Credibility

The provenance and accuracy of data sources fed into AI algorithms are unknown unless an organization trains them internally. Automatically generated content may lack the correct context, contain misplaced facts, or confuse the consumer. The current generation of AI chatbots is prone to producing content containing factual errors, which unchecked can compromise the credibility of the journalists and organizations that publish it. Media outlets can become unintentionally responsible for spreading false information.

As chatbots generate content from the information they are fed, they tend to deliver text that replicates relevant sentences or even paragraphs, creating content that is plagiarized and unoriginal. This infringes on the copyright of the original content creator, reproducing their work without consent.

AI-generated text can often read as trite rather than the more sophisticated and complex analysis that human writers can produce.

Publications have also been deceived by hoaxes, publishing content supposedly contributed by human authors but produced by AI and accompanied by a fake profile – damaging the publication’s reputation.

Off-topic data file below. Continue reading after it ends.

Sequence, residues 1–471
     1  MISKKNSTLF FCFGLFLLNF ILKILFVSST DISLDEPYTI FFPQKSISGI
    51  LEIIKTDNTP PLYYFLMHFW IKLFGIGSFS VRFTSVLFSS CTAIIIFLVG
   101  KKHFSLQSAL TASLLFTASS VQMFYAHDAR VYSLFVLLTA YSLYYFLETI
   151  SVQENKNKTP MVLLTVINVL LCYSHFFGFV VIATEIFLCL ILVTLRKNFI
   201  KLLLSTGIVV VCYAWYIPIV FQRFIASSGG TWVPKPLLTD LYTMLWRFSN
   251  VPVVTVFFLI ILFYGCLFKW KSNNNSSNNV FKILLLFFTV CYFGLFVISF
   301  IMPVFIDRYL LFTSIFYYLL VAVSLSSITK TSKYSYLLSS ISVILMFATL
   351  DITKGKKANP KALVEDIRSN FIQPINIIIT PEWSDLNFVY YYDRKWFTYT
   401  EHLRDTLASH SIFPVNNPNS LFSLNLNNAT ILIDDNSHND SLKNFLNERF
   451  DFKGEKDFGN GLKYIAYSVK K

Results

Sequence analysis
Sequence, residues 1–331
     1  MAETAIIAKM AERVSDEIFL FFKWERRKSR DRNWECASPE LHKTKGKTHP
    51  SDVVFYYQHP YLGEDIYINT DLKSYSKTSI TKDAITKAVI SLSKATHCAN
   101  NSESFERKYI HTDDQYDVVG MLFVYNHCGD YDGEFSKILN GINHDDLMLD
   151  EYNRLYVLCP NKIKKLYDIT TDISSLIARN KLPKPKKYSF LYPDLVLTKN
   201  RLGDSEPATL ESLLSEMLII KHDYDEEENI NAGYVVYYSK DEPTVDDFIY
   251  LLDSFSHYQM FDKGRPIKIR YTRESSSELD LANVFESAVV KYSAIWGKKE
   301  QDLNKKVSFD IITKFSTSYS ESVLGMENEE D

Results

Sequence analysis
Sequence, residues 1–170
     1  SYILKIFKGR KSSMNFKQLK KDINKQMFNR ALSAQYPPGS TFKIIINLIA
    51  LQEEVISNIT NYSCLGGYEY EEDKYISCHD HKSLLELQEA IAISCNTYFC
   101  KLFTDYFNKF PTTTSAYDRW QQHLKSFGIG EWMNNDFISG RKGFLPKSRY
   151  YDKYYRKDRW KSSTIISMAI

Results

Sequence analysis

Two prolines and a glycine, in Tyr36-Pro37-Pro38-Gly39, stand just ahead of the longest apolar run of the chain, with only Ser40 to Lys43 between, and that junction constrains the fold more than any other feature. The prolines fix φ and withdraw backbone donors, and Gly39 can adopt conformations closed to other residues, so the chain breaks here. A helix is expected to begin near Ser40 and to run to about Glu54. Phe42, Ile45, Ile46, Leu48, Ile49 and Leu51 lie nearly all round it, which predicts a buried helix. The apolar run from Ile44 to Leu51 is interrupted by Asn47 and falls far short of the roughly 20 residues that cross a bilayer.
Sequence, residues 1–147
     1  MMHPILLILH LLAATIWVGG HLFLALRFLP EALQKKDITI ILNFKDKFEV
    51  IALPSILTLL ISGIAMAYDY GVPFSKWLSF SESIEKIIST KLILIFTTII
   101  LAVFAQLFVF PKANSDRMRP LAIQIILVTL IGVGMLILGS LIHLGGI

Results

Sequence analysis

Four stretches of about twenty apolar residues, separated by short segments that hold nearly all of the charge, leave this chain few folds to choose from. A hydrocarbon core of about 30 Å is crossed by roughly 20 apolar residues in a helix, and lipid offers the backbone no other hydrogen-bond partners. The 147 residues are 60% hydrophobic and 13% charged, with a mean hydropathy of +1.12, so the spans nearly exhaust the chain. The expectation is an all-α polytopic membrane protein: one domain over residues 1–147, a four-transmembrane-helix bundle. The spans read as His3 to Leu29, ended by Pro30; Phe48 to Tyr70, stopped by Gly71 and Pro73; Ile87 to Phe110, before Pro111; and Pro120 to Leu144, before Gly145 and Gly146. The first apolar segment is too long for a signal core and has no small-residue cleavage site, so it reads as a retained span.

Job Security

AI tools can help to streamline news gathering and production processes, freeing up time for journalists to focus on more complex reporting and analysis that requires human understanding and creativity.

However, there are concerns that the proliferation of automated content will lead to a deterioration in journalistic quality and result in job losses as organizations downsize reporting teams. Some have already begun to make redundancies or limit new hires, opting to rely on AI tools instead of human reporters. Several TV news channels around the world have even begun running news programs with AI-generated anchors.